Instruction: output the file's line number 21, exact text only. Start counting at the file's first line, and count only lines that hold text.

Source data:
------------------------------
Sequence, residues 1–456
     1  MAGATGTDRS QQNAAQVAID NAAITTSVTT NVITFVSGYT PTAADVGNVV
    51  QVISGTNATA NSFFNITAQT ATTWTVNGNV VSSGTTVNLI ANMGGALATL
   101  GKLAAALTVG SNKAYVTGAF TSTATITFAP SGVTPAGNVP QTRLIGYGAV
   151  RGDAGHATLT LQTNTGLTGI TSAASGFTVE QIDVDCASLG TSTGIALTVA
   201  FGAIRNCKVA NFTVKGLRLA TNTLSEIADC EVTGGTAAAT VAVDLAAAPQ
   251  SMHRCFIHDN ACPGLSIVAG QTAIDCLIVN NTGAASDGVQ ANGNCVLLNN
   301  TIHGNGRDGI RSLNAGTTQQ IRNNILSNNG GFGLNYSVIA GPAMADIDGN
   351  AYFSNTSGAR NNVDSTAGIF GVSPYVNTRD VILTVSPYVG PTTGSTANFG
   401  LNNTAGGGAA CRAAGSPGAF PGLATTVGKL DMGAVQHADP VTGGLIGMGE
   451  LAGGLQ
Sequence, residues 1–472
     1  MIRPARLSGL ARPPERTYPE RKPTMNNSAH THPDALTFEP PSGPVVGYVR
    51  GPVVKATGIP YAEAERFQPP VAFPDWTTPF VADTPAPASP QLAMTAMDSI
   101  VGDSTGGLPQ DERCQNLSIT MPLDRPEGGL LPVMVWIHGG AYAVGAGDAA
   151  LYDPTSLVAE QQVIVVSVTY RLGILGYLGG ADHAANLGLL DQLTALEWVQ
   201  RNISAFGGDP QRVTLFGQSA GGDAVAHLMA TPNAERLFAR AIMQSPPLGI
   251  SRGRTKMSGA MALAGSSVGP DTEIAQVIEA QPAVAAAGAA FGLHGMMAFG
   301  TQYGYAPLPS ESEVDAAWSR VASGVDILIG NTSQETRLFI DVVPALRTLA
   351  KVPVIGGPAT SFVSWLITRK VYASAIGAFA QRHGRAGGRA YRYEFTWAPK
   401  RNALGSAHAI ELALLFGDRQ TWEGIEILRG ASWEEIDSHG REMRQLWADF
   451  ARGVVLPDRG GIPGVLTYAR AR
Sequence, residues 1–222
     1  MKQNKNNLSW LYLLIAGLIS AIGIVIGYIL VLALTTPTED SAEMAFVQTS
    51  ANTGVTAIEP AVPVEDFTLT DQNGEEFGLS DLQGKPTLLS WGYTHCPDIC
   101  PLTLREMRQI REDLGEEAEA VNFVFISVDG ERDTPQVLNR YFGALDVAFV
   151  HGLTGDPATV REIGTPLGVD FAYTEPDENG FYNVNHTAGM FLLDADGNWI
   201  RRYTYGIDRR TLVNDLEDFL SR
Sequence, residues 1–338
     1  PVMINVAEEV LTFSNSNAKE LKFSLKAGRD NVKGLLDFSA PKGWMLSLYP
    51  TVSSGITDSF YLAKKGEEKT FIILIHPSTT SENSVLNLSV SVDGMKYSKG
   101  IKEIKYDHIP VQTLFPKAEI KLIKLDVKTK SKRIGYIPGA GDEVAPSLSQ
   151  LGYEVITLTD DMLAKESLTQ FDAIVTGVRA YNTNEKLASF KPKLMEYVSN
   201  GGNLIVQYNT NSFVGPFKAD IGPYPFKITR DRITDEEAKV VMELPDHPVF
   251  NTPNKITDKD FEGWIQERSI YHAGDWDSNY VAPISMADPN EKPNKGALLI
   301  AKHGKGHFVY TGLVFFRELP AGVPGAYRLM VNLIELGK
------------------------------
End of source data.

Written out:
   401  RNALGSAHAI ELALLFGDRQ TWEGIEILRG ASWEEIDSHG REMRQLWADF